At the age of sixteen she accompanied her Al dawn of day, our party being arranged, | parents to Madras, where she soon became we set oft' in the cutter, and arrived at Panjeem acquainted with an amiable English youth, to breakfast, at the house of Don Antonio de Henry M, who had lately arrived from P, agent for our India Company; in this Europe, as a writer in the Company's service.' village, which is about four miles from Goa, | A mutual attachment soon began to twine all the principal people have for some years round their hearts, but Henry was an heretic, fixed their residence, on account of the extreme aud she was strictly forbidden ever again 10 wnhealthiness of the city itself; and here we

see bim. spent the day during tire extreme lieat, in order At this crisis a Portuguese gentleman of that an early dinner should give its au oppor. middle age, whose relations resided in one of tunity of visiting Goa with niore convenience. our settlements, but who had been for some At the hospitable board of Don Antonio, we

year's

settled in the Portuguese service at Ma. were joined by some more of our friends from cao in China, arrived at Madras; he was introthe ship, amongst whom was a lady, a native duced to the furnily of Doopa Maria, and was of ludia, proceeding to Europe with her hus.

so much charmed with ber as to offer terms band and tbree lovely children. This lady to her parents, which they were too prudent to was particular in ber enquiries respecting a refuse. Being obliged to return immediately

No.V.-Vol. 1. V. S.

tu Macao, he was anxious to hasten the inar inside the gate to the Lady Abbess, and Don riage, and in the saine moment in wbich he Juse on some trifing pretence went out, to was introduced to Maria as a lover, she was return no more! The gates of the convent ordered to receive him as a husband.

were now closed upon her, and a small stipend Knowing that remonstrance would have no being allowed according to custom, the effect on her parents, she endeavoured to sti- weeping and thus widowed mouroer had dras. mulate tbe pride and self-love, as well as the ged on a lingering existence for seven years, honour of her new admirer, by telling bim that without any exterior consolation except that her heart was already engaged; this however ofa casual correspondence with her earliest seemed only to prompt him to hasten the wed-friend, whose letters were sometimes, though ding, which took place in a few days from that not always, transmitted to her. time.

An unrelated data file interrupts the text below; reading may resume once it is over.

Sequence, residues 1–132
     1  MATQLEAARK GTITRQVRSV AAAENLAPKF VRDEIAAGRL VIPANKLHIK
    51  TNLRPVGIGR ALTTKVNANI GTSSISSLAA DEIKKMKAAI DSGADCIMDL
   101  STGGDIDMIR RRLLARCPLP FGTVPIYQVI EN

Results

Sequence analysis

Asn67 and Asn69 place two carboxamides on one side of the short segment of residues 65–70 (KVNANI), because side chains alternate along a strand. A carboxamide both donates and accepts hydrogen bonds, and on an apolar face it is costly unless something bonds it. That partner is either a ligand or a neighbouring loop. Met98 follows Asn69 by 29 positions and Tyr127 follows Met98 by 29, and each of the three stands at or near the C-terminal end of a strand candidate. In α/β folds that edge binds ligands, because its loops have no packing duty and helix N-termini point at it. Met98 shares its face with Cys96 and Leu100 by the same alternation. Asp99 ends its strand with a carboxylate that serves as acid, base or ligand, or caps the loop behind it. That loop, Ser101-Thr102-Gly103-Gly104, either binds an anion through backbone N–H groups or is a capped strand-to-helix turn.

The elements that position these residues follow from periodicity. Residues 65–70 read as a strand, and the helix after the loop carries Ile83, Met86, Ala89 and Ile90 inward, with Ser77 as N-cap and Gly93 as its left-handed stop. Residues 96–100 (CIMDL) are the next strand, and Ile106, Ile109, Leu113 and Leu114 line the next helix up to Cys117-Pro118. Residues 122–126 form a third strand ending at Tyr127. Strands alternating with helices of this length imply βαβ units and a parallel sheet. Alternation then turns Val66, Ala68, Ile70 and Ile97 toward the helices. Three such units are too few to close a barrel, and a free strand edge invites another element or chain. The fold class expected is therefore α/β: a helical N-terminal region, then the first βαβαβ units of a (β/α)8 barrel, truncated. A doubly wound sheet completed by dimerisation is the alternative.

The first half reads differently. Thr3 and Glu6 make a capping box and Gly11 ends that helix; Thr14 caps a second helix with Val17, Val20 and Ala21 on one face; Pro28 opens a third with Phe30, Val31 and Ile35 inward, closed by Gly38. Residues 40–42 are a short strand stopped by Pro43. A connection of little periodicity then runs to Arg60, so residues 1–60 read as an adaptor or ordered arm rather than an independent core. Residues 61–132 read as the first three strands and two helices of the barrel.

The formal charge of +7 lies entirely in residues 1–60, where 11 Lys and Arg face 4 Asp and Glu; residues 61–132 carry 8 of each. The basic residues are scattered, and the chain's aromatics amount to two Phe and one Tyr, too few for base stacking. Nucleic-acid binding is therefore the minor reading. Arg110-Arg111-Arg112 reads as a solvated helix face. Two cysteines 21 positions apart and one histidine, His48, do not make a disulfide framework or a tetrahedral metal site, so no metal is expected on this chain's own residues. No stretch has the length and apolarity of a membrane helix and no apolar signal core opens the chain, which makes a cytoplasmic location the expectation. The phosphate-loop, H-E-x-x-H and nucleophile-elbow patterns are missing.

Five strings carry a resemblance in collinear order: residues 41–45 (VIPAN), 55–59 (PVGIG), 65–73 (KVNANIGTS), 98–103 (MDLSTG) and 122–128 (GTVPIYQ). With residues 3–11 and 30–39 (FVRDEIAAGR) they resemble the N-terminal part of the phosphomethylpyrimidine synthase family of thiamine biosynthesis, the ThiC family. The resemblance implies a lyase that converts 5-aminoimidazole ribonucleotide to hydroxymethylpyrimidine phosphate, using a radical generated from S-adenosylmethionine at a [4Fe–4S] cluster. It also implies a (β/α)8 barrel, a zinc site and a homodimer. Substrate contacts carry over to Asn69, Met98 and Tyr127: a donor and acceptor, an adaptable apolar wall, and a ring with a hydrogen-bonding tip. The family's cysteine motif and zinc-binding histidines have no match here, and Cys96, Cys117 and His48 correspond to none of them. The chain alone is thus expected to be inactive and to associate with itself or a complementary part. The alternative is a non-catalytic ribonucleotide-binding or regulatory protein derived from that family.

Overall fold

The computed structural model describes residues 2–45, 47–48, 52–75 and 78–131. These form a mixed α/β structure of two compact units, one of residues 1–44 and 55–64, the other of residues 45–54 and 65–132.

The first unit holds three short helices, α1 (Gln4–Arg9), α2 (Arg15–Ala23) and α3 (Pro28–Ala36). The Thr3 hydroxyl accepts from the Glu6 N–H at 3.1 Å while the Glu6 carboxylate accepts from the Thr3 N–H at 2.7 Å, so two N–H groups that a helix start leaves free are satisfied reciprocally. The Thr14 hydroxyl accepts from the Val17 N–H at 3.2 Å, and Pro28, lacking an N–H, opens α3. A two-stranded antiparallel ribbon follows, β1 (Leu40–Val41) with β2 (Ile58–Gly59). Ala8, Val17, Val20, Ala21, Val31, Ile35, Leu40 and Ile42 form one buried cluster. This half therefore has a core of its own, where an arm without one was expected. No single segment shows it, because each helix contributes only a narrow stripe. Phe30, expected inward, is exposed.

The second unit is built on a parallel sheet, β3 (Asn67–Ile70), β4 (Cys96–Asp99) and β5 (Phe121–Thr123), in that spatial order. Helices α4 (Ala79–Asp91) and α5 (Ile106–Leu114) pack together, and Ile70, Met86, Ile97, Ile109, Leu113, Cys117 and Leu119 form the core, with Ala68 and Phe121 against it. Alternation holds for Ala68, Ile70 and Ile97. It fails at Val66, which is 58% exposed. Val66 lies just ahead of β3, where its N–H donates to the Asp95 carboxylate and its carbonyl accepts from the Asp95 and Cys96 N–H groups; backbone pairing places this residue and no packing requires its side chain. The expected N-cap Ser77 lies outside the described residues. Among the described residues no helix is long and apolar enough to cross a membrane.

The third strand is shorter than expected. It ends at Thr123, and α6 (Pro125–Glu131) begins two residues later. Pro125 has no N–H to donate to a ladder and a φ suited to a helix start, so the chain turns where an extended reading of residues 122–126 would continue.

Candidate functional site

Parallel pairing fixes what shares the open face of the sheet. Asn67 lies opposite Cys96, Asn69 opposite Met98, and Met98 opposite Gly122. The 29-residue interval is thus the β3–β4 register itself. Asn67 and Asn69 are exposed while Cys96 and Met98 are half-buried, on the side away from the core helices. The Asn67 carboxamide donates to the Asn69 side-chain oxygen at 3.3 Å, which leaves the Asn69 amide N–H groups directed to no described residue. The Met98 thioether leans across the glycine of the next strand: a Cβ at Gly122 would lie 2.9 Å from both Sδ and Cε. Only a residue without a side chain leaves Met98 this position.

Whilst commiserating the fate of the poor The honey moon bad scarcely elapsed, when Maria, a sudden bend in the river brought the Don Jose took bis passage in a country ship city of Goa, with its proud lowers and turrets, bound to Chiva, intending to return in a few to our view. Standing on a lusty bill crowned months. He left his fair bride however with by the Cathedral of St. Thomas, and em. her faqpily; but after an absence of a year, bosomed in trees with the pinnacles of numreturned to Madras, wbere he found the love berless religious edifices peeping through the ly Maria, with a smiling infant in her arms; dark green of the surrounding foliage, it rose but at the first sight of his wife and child, the like encbautment to our view, and a few clemon of jealousy took possession of his soul! minutes lirought us to the wharf at the waterIt is needless to mentiou that the climate of port; clase to this wharf stands the viceJudia has had such an effect on the descendants | regal palace, whose lofty grey walls, built after of the original Portuguese settlers, as to give the Moorish fasbion, gave us rather the idea of ibem a linge approaching to the negro; this a prison than of the residence of a representa: however is contived to the men, as the women iive of royalty. The gate into the city is in general are not darker than the Portuguese under this palace, and as we crossed its desertJadies in Europe. But Donna Maria herself, ed coarts, a chilling gloom was thrown over as her grandmother had been an English wo our minds, which was not lesseved by conmap, was much fairer than those oriental des templating the frowning statues of Vasco de cendants of Lusitania ; and her hair, iustead Gama, and of Alphonso de Albuquerque, of a jetty black, approached nearer to the love which stand over the portal, as the guardian ly auburn of English beauty. Her infant was genii of the place. This palace is now merely fairer than eyeu ils ill faled mother, and its kept for purposes of state, the Viceroy resiu. locks of glossy browu tyining over a rosy dim ing always at Pamjeem. Emerging from these pled cheek, struck like a dagger to the heart of gloomy walls, we entered a spac.ous street, The suspicious father, stirring up every jealous whose lofty houses which all seemed recently and revengeful passion in his breast, and giv. white washed, impressed us at first sight with ing a deeper tivge to his sumbre couute high expectations ; but alas! the grass was